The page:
After waiting patiently outside and once the management has determined you’re not the Feds, the door opens up to what is advertised as a “grown-up” drinking establishment.
Dark burgundy walls and wallpaper fit the theme, the glow of candles and soft light from elegant chandeliers make for a warm, cosy atmosphere. Artwork from “emerging and established artists” in Myanmar adorns the walls.
The BT Burger (K15,000) offers a choice of eight toppings from a list that at first glance seems to be extensive, though five are cheese based. There’s also a choice of seven sauces. The choices of cheeses and sauces allow for creativity and a diner on a neighbouring table who is known to be a tough critic judged the bar to be worthy of its place on Yangon’s US$15 burger circuit.
Blind Tiger has cleverly topped its menu to attract cheese-starved Yangonites; the “Cheese Dip Platter” (K7,000); offers a choice of two of four dips: “Red pepper and feta’, ‘Blue cheese heaven’, Creamy gouda and horseradish’, and ‘Fresh herbed cream cheese”. The horseradish cream delivered a delightful kick through the nutty gouda, while avoiding being over powering.
Served with toasted baguette, carrot sticks and apple slices, there was enough dip so that even after a second helping of bread, which diners are advised to order, there was still some dip daring you to attack with your fingers.
The “Crab cakes” (K7,000), described as “classic bar bites” melt in the mouth with a complimentary sauce and a crisp, clean oriental coleslaw; made with green cabbage, fennel and sesame seeds.
“Spicy Spanish meatballs” (K6,500) is a serving of two sticks of three balls, covered in a deep, smoky tomato sauce, courtesy of smoked paprika and just the right amount of chili; a small but hearty delicacy for cool season under the air-con.
The “Citrus Chicken Yakatori” (K7,000) was the only disappointment of the night. My dining companion had lived in Japan and insisted on the dish, described as “skewered tidbits in orange juice, honey, soy and ginger”. The squares of chicken on the three skewers failed to make a significant impact on the palate.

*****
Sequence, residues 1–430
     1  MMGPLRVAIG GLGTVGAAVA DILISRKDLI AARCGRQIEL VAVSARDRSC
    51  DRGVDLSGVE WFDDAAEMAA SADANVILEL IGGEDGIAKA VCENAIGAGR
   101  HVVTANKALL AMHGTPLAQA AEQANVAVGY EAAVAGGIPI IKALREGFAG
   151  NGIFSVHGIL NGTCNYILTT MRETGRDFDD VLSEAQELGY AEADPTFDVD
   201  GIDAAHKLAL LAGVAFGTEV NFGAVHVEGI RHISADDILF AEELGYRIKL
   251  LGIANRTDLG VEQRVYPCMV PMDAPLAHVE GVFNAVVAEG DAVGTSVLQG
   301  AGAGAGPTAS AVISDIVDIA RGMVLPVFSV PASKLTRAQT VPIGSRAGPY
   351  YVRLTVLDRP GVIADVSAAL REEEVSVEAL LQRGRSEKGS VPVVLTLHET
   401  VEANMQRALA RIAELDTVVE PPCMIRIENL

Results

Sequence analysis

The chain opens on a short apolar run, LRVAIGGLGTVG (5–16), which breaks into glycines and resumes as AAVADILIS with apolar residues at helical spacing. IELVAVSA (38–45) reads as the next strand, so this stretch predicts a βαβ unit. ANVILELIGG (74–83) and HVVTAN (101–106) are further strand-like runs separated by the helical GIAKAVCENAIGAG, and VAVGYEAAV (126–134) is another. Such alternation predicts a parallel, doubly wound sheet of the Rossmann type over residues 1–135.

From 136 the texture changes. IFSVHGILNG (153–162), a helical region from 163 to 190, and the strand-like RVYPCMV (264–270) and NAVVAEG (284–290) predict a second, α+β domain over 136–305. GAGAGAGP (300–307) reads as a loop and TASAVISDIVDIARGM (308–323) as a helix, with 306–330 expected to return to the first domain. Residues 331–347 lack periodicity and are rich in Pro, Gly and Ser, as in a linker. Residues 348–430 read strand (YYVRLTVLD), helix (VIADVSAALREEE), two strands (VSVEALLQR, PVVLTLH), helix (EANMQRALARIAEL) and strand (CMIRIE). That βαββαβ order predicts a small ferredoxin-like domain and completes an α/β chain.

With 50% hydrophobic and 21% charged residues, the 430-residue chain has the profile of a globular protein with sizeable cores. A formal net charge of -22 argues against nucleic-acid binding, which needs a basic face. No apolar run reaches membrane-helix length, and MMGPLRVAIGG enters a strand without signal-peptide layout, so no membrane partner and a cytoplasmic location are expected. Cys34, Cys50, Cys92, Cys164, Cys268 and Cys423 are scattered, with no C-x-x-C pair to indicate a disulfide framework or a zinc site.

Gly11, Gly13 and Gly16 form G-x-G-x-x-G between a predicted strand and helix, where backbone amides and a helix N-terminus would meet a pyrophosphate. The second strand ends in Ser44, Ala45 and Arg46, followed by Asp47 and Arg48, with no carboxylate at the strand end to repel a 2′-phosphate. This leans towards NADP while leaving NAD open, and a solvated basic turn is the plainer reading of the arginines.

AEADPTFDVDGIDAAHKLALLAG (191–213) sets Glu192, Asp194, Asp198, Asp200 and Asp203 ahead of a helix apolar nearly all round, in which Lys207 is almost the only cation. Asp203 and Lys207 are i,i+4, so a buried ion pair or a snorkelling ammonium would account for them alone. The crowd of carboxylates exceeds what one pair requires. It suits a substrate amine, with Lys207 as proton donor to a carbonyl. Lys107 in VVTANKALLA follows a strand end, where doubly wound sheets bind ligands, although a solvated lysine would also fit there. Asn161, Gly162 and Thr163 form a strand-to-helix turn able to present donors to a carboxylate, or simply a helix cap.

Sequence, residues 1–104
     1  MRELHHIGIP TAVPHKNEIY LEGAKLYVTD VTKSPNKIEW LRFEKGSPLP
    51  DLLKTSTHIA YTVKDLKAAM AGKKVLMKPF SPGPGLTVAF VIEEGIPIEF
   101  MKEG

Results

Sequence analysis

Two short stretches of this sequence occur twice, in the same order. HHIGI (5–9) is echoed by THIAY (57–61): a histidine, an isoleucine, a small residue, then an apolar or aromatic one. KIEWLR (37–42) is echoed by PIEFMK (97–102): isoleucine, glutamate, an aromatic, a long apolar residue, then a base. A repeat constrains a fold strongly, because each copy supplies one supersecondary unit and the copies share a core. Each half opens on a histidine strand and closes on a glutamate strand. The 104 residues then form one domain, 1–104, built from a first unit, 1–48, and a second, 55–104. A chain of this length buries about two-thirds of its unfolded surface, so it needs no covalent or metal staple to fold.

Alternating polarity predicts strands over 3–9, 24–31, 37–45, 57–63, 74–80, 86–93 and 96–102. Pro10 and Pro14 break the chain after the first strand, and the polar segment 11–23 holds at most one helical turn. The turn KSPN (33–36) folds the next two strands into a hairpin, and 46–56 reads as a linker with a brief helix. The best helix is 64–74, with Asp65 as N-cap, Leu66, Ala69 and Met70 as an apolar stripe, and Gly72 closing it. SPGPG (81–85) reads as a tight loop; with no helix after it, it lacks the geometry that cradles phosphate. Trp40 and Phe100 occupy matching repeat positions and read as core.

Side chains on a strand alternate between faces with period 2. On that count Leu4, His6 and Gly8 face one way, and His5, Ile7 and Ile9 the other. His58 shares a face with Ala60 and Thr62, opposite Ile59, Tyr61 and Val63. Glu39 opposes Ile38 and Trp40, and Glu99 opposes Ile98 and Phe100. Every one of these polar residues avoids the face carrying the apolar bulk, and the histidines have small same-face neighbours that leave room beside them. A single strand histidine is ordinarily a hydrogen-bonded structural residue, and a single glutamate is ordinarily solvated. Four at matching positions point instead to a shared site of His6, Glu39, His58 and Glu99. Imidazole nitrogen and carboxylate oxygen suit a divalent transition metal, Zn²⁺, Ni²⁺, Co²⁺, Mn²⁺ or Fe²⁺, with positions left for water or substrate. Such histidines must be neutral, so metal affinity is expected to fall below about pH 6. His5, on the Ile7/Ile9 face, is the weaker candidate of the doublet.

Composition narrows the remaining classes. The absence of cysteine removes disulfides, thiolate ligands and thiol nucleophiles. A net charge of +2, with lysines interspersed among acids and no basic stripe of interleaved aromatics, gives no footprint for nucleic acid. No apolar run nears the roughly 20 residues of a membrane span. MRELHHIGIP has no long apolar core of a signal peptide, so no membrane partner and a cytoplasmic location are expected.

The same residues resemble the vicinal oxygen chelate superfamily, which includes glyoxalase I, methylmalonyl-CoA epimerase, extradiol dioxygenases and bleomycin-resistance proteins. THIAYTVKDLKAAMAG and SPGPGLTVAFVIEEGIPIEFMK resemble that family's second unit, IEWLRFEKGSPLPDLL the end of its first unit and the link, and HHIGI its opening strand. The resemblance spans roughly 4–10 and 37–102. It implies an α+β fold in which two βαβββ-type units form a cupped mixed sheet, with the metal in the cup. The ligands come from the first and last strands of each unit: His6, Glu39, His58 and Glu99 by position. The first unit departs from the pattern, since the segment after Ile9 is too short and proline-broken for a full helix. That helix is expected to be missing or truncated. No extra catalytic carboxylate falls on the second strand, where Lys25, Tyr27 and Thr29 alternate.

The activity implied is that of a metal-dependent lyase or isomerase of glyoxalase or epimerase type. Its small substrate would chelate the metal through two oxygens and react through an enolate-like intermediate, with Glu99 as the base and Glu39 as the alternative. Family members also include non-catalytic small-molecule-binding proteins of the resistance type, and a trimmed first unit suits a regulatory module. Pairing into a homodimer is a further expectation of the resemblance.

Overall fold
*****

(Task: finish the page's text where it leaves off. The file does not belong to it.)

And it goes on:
Still peckish, we finished the evening with a tub of “Garlic and Sea Salt Home Fries” (K4,000), an accompaniment I recommend to ensure you leave satisfied. Compliments must again go to the saucier; this time delivering a pot of garlic mayo to accompany the well-seasoned fries.
Service was fast and attentive, without the hovering, and although the place was busy, food was on the table in ten and cocktails in a jiffy. You might as well splurge on one of its concoctions, because at K3,000, it is pushing the limits for half a pint of Myanmar beer.
Blind Tiger tries to deliver a quirky elegance and a perfect example of its attention to detail is the toilets, where an audio system will serenade you with period music while you receive a history lesson on prohibition.
As much as another might argue it’s all a bit hipster and contrived, I’d be much happier to splurge a little for this “grown up” experience; in contrast to other establishments where the glamour is based more on shallow razzmatazz and table bottles of Chivas Regal.
Unit III, United Condominium
Corner of Nawaday, Ahlan Paya Pagoda Road
This Article first appeared in the December 11, 2014 edition of Mizzima Weekly.
Mizzima Weekly is available in print in Yangon through Innwa Bookstore and through online subscription at www.mzineplus.com